Legislative Update: July 7, 2016

In the final hours of Fiscal Year 2016, Republican and Democrat lawmakers came together and approved a package of bills that funds K-12 education at record-high levels for all of FY17, provides for six months of funding for all other key budget areas, and freezes lawmaker pay.

SB 2047, approved in a 105-4 vote, includes:
  • Six-month bridge funding
    • $1 billion for higher education, including Monetary Assistance Program grants (on top of the $600 million already approved for higher education through a stopgap measure in the spring)
    • $729 million for critical State government operations (IL Department of Transportation, mental health centers, prisons, veterans homes)
    • $701 million for critical human services not currently paid through consent decrees or court orders
    • $8.4 billion to allow Illinois to take full advantage of matching federal funds
    • $53.7 billion for the continuation of road/bridge projects, school construction grants and local water/sewer improvements, debt service payments and lottery payouts
  • The largest 12-month allocation toward K-12 education in Illinois history, including per-pupil funding increases for all of the school districts headquartered in the 48th District.
This is not a perfect plan. In fact, there are parts of this comprehensive agreement that I do not like. However, this was a negotiation, and we met in the middle to allow every school in Illinois to open on time in the fall, to provide bridge funding to the charitable agencies that serve Illinois’ most vulnerable citizens, and to freeze pay for lawmakers.

In particular, K-12 education will be funded in FY17 at the highest level in our state’s history. For the first time in seven years, the “funding formula” will not be prorated. This means that each of our schoolchildren will receive 100% of the funds promised to them under state law. Most importantly, this measure removes children from the crossfire of the budget and reform negotiations, which Democrat legislative leaders have put on hold until after the November elections.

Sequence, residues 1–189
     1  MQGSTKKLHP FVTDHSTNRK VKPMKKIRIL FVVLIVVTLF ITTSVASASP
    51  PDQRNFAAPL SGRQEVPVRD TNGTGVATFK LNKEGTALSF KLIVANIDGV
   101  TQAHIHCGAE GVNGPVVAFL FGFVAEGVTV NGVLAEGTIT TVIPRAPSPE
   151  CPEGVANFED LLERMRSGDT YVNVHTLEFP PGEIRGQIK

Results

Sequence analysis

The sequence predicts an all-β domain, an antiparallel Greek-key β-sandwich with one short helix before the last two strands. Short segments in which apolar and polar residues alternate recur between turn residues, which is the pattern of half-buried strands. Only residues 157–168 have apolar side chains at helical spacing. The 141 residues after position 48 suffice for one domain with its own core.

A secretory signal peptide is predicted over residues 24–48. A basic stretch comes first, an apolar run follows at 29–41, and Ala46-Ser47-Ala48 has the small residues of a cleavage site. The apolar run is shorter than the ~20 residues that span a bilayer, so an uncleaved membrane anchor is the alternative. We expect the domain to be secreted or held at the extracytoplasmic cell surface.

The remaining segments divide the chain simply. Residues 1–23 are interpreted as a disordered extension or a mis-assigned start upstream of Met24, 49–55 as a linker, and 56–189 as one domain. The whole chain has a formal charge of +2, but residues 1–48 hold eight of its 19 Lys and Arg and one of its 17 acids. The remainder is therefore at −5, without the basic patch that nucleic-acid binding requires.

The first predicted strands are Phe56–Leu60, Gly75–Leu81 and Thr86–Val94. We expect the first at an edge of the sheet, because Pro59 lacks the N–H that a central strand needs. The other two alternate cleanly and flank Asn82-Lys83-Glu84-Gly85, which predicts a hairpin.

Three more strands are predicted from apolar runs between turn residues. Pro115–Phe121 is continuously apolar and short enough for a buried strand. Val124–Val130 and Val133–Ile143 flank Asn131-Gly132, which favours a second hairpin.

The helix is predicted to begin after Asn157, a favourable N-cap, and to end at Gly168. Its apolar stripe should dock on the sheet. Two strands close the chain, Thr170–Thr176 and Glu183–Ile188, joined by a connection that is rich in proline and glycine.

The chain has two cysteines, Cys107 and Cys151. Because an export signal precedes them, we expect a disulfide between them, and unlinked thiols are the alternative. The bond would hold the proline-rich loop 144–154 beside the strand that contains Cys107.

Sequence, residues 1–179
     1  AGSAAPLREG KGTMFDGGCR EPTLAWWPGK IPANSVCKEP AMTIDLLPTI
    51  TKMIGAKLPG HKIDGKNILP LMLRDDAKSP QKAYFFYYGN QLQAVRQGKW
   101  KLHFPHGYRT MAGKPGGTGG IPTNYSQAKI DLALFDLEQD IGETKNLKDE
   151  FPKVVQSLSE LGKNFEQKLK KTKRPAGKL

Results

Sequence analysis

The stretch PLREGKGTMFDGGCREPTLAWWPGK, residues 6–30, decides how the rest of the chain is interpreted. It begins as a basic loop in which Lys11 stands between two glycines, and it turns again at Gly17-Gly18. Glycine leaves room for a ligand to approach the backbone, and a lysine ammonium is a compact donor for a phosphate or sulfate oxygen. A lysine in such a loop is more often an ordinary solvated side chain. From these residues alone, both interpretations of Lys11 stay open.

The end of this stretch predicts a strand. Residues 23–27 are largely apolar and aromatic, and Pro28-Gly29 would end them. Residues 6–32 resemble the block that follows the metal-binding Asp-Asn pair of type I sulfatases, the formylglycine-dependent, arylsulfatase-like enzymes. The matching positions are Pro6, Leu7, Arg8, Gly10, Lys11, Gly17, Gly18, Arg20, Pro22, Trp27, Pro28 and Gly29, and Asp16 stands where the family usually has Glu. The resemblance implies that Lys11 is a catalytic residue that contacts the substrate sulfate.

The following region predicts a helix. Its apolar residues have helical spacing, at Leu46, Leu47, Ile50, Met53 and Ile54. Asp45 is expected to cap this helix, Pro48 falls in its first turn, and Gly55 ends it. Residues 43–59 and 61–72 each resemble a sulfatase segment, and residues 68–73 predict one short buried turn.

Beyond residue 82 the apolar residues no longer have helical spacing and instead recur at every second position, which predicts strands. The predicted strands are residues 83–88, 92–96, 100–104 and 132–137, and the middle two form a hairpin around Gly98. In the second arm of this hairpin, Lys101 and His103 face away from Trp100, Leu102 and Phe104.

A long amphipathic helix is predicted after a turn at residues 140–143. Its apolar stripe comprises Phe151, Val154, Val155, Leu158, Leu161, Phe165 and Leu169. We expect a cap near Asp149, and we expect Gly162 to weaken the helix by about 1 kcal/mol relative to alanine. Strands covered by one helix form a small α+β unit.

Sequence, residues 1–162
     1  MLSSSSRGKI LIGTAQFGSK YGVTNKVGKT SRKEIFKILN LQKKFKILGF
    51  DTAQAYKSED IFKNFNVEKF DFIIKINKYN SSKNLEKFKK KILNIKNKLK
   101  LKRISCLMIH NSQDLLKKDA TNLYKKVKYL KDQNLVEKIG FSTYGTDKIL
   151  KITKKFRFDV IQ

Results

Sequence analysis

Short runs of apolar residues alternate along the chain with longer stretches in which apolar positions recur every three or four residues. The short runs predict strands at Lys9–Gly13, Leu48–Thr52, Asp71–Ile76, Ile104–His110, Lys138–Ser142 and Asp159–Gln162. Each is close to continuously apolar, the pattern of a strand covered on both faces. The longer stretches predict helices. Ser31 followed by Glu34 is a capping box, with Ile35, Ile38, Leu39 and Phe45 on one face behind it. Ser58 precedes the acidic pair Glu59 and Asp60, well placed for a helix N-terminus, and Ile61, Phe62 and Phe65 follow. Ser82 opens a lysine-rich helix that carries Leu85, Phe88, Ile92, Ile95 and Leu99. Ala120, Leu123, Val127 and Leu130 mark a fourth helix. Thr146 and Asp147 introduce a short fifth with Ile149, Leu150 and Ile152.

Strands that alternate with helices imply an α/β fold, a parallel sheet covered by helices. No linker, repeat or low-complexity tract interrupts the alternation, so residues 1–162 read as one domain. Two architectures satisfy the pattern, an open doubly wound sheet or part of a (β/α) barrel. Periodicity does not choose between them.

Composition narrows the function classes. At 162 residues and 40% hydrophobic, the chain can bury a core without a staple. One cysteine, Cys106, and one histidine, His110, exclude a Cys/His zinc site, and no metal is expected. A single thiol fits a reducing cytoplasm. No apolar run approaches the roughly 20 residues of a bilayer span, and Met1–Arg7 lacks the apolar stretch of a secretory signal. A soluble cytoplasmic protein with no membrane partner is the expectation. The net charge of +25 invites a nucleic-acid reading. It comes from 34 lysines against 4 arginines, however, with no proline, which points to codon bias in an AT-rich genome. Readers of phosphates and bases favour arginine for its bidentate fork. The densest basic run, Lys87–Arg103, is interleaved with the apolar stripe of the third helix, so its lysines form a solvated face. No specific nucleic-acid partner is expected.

Lawmakers will now return to their home districts until after the election. Per the House calendar, we will return to Springfield on November 15 for the Fall Veto Session. While I don’t agree with going home without a full-year budget and necessary reform, we’ve been promised that the budget and reform working groups will continue to meet and work toward a full-year balanced budget that provides for all Illinois services through June 30, 2017.

District 48 Schools to Receive Record-High Funding in FY17
In addition to ensuring that every Illinois School District to open on time in the fall, with record-high levels of funding, every District 48 School District will see an increase in funding for the 2016-2017 school year. The chart below shows an estimate of how each of the school districts headquartered in our District will benefit:
Governor Signs Enhancement to Open Meetings Act to Help Reform Efforts
I served as Chief House Co-Sponsor for a new State law that will require that any and all available minutes and verbatim recordings of meetings closed to the public be made available to a elected officials on a public body. The new law grants a level playing field to access to confidential board-of-directors information to all members of the body’s board of directors. This is significant when a newly chosen member or members have been chosen as part of a reform effort aimed at questionable or improper actions affiliated with the previous board. There are some places in our state where elected officials are being denied access to these records!

HB 4630 was approved unanimously by both houses of the General Assembly this spring. It was inspired by bad actions by several local government units to withhold records from reform members of local government boards—both in the Chicagoland area and in other parts of the state. Governor Rauner signed the bill into law on Thursday, June 30 as P.A. 99-515.